We had a photography assignment, which my colleagues had planned out very well, and with lots of advanced notice. Included in the plan, in great detail, were very good examples of the types of photos they needed for their project. Because they had a clear idea of what they wanted, it made the assignment much easier to organize.
It still took weeks to coordinate the photographer and the 20+ subjects for the shoot, including their availability during certain timeslots, organizing certain combinations of people, and their wardrobes.
We then scouted locations and selected the venues and got the required permissions to use those spaces. Once this was done, we did the usual paperwork, permission forms, notifications to security, etc.
On the day of the shoot, we arrived early to set up the different venues, including tables, chairs, props, lighting and test shots.
The photographer did a fantastic job, and processed the images very quickly. Once completed, the project was met with great enthusiasm and gratitude. It was exactly what they were looking for, even more than they were looking for.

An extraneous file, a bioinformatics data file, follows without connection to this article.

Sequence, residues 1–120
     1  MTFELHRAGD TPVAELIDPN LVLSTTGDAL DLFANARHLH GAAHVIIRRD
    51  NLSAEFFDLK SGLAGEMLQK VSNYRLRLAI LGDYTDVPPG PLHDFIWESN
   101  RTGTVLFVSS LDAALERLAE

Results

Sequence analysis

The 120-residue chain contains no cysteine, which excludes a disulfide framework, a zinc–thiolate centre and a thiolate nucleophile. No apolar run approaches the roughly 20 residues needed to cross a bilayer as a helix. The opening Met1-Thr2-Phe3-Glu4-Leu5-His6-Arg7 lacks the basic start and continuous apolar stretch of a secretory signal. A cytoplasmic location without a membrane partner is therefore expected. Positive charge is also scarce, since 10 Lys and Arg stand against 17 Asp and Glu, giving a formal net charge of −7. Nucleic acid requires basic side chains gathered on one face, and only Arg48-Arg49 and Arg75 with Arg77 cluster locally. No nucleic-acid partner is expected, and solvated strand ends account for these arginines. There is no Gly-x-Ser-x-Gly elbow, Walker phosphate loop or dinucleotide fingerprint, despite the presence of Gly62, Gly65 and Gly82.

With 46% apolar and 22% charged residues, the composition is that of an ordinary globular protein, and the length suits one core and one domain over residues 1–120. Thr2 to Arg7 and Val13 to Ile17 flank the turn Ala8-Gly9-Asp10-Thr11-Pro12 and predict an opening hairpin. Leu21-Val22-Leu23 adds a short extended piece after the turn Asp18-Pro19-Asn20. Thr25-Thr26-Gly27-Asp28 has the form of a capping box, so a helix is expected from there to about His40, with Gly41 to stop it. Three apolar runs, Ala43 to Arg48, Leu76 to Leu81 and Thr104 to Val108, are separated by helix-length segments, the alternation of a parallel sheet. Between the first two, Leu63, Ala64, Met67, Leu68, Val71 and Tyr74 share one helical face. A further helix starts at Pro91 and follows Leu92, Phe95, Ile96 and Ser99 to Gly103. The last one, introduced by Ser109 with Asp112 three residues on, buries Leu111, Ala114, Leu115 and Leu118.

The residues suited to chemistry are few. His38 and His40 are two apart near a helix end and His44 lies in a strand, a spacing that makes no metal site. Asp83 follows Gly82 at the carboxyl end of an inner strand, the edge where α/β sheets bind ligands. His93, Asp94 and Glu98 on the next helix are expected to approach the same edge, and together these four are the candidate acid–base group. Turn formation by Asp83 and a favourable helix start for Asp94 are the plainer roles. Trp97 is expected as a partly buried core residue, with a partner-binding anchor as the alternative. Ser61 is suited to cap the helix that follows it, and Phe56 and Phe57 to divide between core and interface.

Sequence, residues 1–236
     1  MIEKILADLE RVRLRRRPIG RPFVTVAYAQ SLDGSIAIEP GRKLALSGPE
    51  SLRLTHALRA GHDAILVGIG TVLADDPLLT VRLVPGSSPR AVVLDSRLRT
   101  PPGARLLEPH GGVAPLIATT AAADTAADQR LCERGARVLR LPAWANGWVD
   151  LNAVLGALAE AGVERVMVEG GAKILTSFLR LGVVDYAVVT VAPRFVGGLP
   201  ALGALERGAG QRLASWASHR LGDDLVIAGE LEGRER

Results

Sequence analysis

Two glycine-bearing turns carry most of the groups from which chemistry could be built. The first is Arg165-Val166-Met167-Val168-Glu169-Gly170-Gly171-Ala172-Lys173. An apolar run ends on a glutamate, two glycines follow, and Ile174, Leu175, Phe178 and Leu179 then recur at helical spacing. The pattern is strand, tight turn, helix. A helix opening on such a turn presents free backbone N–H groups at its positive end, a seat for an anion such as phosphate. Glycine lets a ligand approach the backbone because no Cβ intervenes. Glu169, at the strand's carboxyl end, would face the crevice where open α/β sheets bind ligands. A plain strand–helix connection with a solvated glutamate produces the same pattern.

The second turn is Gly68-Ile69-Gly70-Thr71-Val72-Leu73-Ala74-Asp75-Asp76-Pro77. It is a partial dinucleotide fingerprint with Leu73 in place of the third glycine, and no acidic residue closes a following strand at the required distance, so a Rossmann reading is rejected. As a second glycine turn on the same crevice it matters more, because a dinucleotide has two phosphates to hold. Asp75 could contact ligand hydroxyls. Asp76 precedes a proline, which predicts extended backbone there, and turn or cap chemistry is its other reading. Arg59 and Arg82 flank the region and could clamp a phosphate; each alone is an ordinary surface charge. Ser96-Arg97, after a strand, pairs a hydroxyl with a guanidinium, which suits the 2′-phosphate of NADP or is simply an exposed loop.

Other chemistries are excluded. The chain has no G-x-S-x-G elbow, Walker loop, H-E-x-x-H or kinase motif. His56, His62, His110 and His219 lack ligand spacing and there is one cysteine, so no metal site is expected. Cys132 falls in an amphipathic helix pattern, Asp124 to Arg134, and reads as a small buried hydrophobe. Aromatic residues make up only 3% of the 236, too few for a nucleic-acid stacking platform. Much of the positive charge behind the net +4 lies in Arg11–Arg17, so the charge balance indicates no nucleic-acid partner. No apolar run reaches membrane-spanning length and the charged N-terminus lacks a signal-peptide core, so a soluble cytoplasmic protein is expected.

The success may have backfired, however. People started noticing the great photos and wanted to use them for other projects. The photos are now being used in ways other than their original intention, and in different contexts. These photos had a very specific purpose and goal when they were originally taken.
If you look through existing photo resources and do not see a photo that works for your project, perhaps it is time to plan a new photoshoot. You can build upon the foundation of the existing photos. You could gather your favorites up as examples, which is always a good idea. This way, if you need specific types of photos and you have a budget, you have the freedom to organize and plan a shoot customized for your exact specs and needs.